Maria of Portugal – “Not for lack of greatness” (Part one)




Maria of portugal
(public domain)

Maria of Portugal was born on 18 June 1521, the daughter of King Manuel I of Portugal and Eleanor of Austria. Her father had been married twice before, to Isabella of Aragon and Maria of Aragon, who were Eleanor’s aunts. Maria had half-siblings from both these marriages, although some had predeceased her. She also had one full sibling, a brother named Charles, who died in April 1521, shortly after his first birthday.

Maria’s birth as portrayed in Carlos, Rey Emperador (2015)(Screenshot/Fair Use)

Maria would never know her father as he died on 13 December 1521 when she was just six months old. He was succeeded by Maria’s elder half-brother, John III. Although Eleanor’s wedding clause had stipulated that she and any children she had would be allowed to leave Portugal upon King Manuel’s death, the new King refused his permission to allow Maria to leave with her mother. Nevertheless, Eleanor had to return home, and negotiations continued. She was still young, only 23 years old, and could serve her brother, Charles V, Holy Roman Emperor, by making another advantageous match. However, King John would not let Maria leave and so Eleanor would have to leave her little daughter behind. She left on 15 May 1523, although she would always regret leaving Maria behind.

Maria was left in the care of a governess named Jeanne de Blaesvelt, who would later also become her lady-in-waiting. Her education was supervised by her half-brother, King John. In 1525, Eleanor’s sister, and thus Maria’s aunt, Catherine, became the new Queen of Portugal as King John’s wife and Maria’s elder half-sister Isabella became Empress as the wife of Charles V, Holy Roman Emperor. During this time, Eleanor attempted to be reunited with Maria and she promised John not to marry her off without his consent. King John would not be moved, and so he and Catherine became Maria’s foster parents. However, John did not care very much for his younger sister as he disapproved of the match between Eleanor and his father. But he made sure she had a good education, and she became known as one of the most cultured princesses in Europe.

She was still very young when a possible marriage to the French Dauphin (later Francis III, Duke of Brittany, who predeceased his father) was arranged, but this would eventually fall through. Her mother would remarry to King Francis I of France in 1530 as part of the Treaty of Cambrai. Eleanor continued to wish to be reunited with Maria, and she was kept informed of her health and education.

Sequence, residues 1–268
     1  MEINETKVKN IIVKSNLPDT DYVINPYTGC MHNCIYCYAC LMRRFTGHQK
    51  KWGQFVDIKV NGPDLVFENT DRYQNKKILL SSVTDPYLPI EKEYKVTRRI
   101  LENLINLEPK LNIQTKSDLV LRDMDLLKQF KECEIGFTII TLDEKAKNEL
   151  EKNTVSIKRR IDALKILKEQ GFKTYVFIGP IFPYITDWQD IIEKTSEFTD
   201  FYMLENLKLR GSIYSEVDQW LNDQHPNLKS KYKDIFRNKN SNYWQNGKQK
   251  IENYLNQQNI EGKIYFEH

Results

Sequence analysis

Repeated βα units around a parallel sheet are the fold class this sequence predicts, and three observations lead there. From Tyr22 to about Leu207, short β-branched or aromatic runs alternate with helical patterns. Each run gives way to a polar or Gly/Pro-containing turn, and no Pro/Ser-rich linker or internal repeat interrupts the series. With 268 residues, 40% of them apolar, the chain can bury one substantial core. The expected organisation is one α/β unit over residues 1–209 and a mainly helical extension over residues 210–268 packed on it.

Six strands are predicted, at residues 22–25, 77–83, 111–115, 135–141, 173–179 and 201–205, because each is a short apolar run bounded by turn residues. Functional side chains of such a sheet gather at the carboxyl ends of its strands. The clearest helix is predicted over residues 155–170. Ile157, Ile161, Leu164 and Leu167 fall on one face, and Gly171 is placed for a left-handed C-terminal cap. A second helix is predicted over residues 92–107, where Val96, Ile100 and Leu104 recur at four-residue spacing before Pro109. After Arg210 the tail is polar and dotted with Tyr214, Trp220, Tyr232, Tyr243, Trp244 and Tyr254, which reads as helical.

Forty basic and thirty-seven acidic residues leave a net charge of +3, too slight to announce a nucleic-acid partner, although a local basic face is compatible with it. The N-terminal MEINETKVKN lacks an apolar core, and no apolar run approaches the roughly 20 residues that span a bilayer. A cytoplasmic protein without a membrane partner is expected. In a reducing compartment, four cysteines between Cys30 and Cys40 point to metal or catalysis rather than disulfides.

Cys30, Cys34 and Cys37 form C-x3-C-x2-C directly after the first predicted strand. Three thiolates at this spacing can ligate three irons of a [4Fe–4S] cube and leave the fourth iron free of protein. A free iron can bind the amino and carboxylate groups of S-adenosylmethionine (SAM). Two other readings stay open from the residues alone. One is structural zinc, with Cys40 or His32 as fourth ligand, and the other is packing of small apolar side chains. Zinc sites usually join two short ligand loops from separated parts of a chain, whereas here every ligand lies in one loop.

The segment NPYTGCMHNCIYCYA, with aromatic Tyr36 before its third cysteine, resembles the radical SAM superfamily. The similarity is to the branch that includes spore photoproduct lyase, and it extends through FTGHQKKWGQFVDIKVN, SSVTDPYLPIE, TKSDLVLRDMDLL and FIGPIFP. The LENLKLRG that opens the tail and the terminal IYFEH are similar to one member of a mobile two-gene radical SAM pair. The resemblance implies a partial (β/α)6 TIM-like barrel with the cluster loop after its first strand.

She also received portraits of Maria, and after receiving a new one in 1542, she wrote to Maria, “I rejoiced greatly, my daughter, with your painted portrait, for I cannot see the real one. Please God, that this will happen one day, with your contentment, which will also be mine.”1 For this reason, she was also in favour of the match with Dauphin Francis, as this would mean they could be reunited in France. Despite Eleanor’s wishes, Maria continued to be linked to others as well, such as her cousin, the future Maximilian II, Holy Roman Emperor.

In 1537, Maria received her own household in the palace of Santa Clara, and several female tutors, such as Paula Vicente, a scholar and musician, and Angela and Luiza Sigea, came to further her education.

As Maria reached a marriageable age, Eleanor felt it was her motherly duty to see her daughter settled, and she desperately wrote to her sister Catherine to talk to her husband, King John, to allow Maria to come to France. She also wrote to Maria asking her not to consent to anything less than being allowed to go to France with a full dowry. Once again, John refused to let Maria go, and he promised to marry her off quickly and as well as possible. Despite everything Eleanor had tried to do, Maria was effectively a stranger to her now. In 1544, Maria was created Duchess of Viseu in her own right, with the appropriate income.2

Maria and Catherine as portrayed in Carlos, Rey Emperador (2015)(Screenshot/Fair Use)

After Eleanor was widowed in 1547, she again tried to be reunited with Maria, but as a dowager Queen, she had less influence than before. In 1552, she wrote to King John and implored God not to let her leave this life without seeing Maria again.3 Eleanor returned home to Castile, but even there, Maria was not allowed to join her. She would be allowed to come to Portugal, but it would be inappropriate for Maria to travel to Castile.

Read part two here.

  1. Éléonore d’Autriche by Michel Combet p.202
  2. Royal and Elite Households in Medieval and Early Modern Europe edited by Theresa Earenfight p.391
  3. Éléonore d’Autriche by Michel Combet p.237






About Moniek Bloks 2763 Articles
My name is Moniek and I am from the Netherlands. I began this website in 2013 because I wanted to share these women's amazing stories.

Be the first to comment

Leave a Reply

Your email address will not be published.


*


This site uses Akismet to reduce spam. Learn how your comment data is processed.